The $5,000 prize, inspired by the prestigious book awards given by famous Parisian literary cafÃ©s, is awarded by the Crook’s Corner Book Prize Foundation and is co-sponsored by the iconic Southern restaurant, Crookâ€™s Corner, in Chapel Hill.
Debut novels set in the South or by authors with Southern bonafides are eligible.
This year’s shortlist:
As a River by Sion Dayson (Jaded Ibis Press)
Written in spare and lyrical prose and set in Georgia, As a River moves back and forth across decades, evoking the mysterious play of memory as it touches upon shame and redemption, despair, and connection. At its heart, itâ€™s a novel about our struggles to understand each other, and the stories we tell ourselves in order to survive. Sion Dayson grew up in North Carolina and earned an MFA from Vermont College of Fine Arts. Her work has appeared in Electric Literature, Utne Reader, and more.
Confessions of an Innocent Man by David R. Dow (Dutton)
A man wrongfully convicted of murder will stop at nothing to deliver justice to those who stole everything from him. This suspenseful novel, set in Texas, is a fierce howl of rage that questions the true meaning of justice. David R. Dow is the Cullen Professor at the University of Houston Law Center and the Rorschach Visiting Professor of History at Rice University. Working with students in his death penalty clinic, Dow has represented more than one hundred death-row inmates during their state and federal appeals. He is also the founder and director of the Texas Innocence Network.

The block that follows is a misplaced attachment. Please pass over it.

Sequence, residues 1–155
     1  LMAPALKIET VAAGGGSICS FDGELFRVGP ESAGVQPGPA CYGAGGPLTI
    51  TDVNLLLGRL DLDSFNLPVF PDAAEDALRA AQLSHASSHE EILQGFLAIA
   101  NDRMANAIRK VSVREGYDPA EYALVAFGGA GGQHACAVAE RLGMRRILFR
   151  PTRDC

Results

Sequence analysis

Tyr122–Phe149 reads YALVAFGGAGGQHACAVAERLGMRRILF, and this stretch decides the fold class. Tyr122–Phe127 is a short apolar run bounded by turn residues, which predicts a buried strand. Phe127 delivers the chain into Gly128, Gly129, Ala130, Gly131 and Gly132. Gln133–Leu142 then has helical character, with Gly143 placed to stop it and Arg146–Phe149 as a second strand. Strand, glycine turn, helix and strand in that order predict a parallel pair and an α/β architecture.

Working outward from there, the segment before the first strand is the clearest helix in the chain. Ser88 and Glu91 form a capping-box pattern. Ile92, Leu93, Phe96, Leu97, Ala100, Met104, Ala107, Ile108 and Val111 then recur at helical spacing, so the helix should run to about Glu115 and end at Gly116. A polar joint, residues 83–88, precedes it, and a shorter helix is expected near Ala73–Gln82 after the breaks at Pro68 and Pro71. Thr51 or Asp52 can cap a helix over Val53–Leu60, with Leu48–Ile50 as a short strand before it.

Valentine by Elizabeth Wetmore (Harper Collins)
A brutal rape in the Texas oil country of the mid-1970s reverberates through the lives of five women, whose different perspectives reveal the many faces of pain, resilience, and comfort. Deeply rooted in the implacable Texas landscape, the gripping narrative finds surprising pockets of empathy engendered by anger, fear, and evil. Author Elizabeth Wetmore is a graduate of the Iowa Writersâ€™ Workshop. Her fiction has appeared in Epoch, Kenyon Review, Colorado Review, Baltimore Review, Crab Orchard Review, Iowa Review, and other literary journals.
“With bookstore readings canceled and all book launch activities impacted, no one has suffered more than debut novelists, who always have a tough time gaining recognition, even in the best of circumstances,â€ says Foundation president Anna Hayes. â€œWe are therefore especially glad this year to shine the spotlight on these exciting new authors.â€
This year’s final judge is Monique Truong, who spent part of her early years in Boiling Springs. Past winners include authors with NC ties including Wiley Cash, Kim Church, and Devi S. Laskar.
For more information about the prize, click here.